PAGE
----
Researchers presented their findings at the annual conference of the European Society of Human Genetics (ESHG).
Data were gathered from 35 studies, which included more than 155,000 participants from different parts of Europe and North America.
Dr. Vimal Karani S, from the Institute of Child Health, University College London, London, UK, led the study.
Participants with high levels of 25-hydroxyvitamin D (25(OH)D) had reduced blood pressure and were at a lower risk of developing hypertension.
Dr. Vimal Karani S, said:
"We knew from earlier observational studies that low 25(OH)D concentrations were likely to be associated with increases in blood pressure and hypertension, but correlation is not causality.
Additionally, randomized controlled trials of vitamin D supplementation in humans have produced inconsistent effects on cardiovascular outcomes. The whole picture was somewhat confused, and we decided to try to figure it out once and for all."
To measure the individuals' vitamin D status and test for an association with blood pressure, the researchers used genetic variations called single nucleotide polymorphisms, or SNPs as proxy markers.
For every 10% increase in 25(OH)D concentrations the researchers noted the risk of developing hypertension decreased by 8.1%.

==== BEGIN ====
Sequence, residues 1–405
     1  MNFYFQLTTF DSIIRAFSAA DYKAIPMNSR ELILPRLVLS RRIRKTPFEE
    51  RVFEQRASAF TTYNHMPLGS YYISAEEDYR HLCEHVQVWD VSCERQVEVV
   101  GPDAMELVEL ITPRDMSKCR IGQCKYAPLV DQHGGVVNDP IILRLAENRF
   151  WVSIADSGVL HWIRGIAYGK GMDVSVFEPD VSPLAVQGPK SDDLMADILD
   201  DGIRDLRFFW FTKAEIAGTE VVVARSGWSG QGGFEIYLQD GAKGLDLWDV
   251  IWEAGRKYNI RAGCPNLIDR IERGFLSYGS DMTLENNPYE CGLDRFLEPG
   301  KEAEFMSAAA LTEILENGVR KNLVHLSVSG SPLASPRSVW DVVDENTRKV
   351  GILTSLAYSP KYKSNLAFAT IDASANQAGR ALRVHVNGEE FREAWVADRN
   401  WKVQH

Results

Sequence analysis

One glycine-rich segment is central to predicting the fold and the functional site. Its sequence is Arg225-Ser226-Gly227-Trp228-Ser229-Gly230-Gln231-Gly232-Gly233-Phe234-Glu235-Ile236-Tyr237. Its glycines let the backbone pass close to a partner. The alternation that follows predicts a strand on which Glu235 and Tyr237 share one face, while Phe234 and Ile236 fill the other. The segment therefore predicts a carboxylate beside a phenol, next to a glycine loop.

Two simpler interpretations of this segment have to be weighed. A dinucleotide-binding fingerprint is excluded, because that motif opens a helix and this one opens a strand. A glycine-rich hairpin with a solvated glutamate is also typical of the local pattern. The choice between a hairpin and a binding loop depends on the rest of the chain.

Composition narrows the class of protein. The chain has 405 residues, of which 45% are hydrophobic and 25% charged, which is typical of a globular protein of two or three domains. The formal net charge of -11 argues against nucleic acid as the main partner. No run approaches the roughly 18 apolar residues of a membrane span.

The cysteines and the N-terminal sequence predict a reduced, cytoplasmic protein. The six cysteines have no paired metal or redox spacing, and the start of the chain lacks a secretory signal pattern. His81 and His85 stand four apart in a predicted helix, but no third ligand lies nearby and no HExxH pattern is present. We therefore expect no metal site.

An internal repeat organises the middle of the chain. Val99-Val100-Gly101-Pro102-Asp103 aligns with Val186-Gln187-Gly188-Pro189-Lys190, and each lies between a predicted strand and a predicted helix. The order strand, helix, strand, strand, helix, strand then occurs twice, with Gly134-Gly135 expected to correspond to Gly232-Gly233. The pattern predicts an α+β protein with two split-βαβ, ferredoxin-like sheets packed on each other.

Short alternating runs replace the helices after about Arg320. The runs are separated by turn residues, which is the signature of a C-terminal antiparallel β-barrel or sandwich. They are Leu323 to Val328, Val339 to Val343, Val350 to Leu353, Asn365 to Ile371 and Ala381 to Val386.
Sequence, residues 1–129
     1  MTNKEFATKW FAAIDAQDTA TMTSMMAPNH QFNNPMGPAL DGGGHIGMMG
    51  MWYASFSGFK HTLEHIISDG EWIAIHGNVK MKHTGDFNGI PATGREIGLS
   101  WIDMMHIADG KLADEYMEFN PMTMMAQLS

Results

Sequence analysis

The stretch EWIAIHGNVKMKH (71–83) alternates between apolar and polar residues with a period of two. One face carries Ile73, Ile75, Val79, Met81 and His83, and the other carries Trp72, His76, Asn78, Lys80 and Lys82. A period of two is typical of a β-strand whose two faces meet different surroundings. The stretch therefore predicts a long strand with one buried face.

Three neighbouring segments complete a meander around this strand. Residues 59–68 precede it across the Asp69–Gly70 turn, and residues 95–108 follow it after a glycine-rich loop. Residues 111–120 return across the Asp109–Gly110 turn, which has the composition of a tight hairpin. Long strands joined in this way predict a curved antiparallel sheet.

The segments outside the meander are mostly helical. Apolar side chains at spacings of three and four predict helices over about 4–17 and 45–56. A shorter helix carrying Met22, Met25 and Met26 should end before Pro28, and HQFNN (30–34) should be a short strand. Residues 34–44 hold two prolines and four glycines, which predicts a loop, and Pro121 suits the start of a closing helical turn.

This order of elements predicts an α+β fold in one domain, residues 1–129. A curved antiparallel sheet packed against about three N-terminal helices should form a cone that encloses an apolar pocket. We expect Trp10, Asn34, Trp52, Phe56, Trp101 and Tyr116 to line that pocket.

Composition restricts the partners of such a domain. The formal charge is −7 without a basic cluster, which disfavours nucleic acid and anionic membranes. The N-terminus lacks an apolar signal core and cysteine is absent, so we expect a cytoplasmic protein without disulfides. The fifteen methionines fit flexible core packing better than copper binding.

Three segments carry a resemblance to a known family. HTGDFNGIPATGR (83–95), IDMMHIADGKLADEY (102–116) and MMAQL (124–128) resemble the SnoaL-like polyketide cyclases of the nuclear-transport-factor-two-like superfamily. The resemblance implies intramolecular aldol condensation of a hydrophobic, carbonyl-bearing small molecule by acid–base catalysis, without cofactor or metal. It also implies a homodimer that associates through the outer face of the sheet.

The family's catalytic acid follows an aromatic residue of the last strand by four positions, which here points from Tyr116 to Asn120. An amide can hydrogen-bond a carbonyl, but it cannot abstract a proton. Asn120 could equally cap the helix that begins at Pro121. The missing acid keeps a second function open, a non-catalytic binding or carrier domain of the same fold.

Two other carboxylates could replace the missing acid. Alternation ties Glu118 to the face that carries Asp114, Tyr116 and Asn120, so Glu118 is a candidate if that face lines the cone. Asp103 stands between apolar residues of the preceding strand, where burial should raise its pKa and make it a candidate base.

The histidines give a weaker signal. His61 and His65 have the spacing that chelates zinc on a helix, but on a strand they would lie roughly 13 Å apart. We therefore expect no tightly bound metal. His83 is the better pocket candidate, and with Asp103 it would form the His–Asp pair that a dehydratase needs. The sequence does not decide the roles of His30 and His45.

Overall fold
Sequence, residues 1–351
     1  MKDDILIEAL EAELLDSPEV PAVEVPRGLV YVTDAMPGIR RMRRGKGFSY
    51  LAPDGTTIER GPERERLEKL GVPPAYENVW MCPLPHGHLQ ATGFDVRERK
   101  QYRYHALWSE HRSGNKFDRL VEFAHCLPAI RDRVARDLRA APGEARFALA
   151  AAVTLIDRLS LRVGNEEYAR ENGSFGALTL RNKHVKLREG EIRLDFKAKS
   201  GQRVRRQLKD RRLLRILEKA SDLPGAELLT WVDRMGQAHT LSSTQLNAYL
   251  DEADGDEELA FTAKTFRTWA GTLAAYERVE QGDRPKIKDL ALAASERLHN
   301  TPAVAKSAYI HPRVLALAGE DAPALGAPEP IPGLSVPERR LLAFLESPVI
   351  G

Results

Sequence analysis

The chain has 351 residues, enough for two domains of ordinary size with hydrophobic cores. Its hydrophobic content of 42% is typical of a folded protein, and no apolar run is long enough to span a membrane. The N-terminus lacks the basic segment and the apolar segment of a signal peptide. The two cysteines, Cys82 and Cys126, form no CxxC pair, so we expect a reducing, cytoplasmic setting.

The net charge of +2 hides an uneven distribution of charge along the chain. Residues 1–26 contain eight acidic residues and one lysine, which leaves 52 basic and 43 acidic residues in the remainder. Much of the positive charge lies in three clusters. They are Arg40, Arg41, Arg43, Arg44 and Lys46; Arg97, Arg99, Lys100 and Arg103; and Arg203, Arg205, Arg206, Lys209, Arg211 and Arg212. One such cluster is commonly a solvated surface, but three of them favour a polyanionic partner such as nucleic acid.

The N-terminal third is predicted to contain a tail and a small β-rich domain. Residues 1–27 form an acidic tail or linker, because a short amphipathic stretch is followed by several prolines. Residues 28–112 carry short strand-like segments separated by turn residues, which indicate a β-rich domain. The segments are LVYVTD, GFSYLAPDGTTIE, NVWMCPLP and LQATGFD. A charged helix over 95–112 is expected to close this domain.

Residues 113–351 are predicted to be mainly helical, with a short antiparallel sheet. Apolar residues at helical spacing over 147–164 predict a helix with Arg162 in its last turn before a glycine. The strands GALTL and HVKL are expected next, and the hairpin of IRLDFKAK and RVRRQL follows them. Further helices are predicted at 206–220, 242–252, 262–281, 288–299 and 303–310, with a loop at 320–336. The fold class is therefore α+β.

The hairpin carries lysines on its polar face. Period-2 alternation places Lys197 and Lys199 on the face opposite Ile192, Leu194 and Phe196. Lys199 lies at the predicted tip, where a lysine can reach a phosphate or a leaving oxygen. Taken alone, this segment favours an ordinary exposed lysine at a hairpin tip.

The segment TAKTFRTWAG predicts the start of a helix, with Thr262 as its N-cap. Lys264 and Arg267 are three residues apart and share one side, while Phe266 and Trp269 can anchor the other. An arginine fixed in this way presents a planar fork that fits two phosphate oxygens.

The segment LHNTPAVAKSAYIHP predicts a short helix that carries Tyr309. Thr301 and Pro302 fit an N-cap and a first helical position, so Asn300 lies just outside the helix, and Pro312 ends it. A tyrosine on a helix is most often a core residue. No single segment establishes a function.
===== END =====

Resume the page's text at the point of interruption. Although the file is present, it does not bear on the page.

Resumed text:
Dr. Karani S., said that the approach they followed, called Mendelian randomization, allowed them to make accurate conclusions, "by using this approach we can determine the cause and effect and be pretty sure that we've come to the right conclusion on the subject."
The researchers said that Vitamin D deficiency is a very common problem in the Western world, particularly because obesity can cause Vitamin D deficiency and obesity levels are highest in Western countries, according to a study published in a recent issue of PLoS Medicine
- By eating or drinking it
- By exposing the skin to sunlight, which triggers the production of vitamin D
People with high levels of vitamin D in their blood enjoy several benefits, apart from improved bone health. Researchers from Boston University School of Medicine reported in PLOS ONE that people with high levels of vitamin D have significantly better immunity and a reduced risk of several diseases.
Vitamin D insufficiency (between 21-29 ng/mL) and vitamin D deficiency (
"We now intend to continue this work by examining the causal relationship between vitamin D status and other cardiovascular disease-related outcomes such as lipid-related phenotypes, for example,cholesterol, inflammatory markers such as C-reactive protein, and type 2 diabetes and markers of glucose metabolism.
We believe that we still have a lot to find out about the effect of Vitamin D deficiency on health, and we now know that we have the tools to do so."
Written by Joseph Nordqvist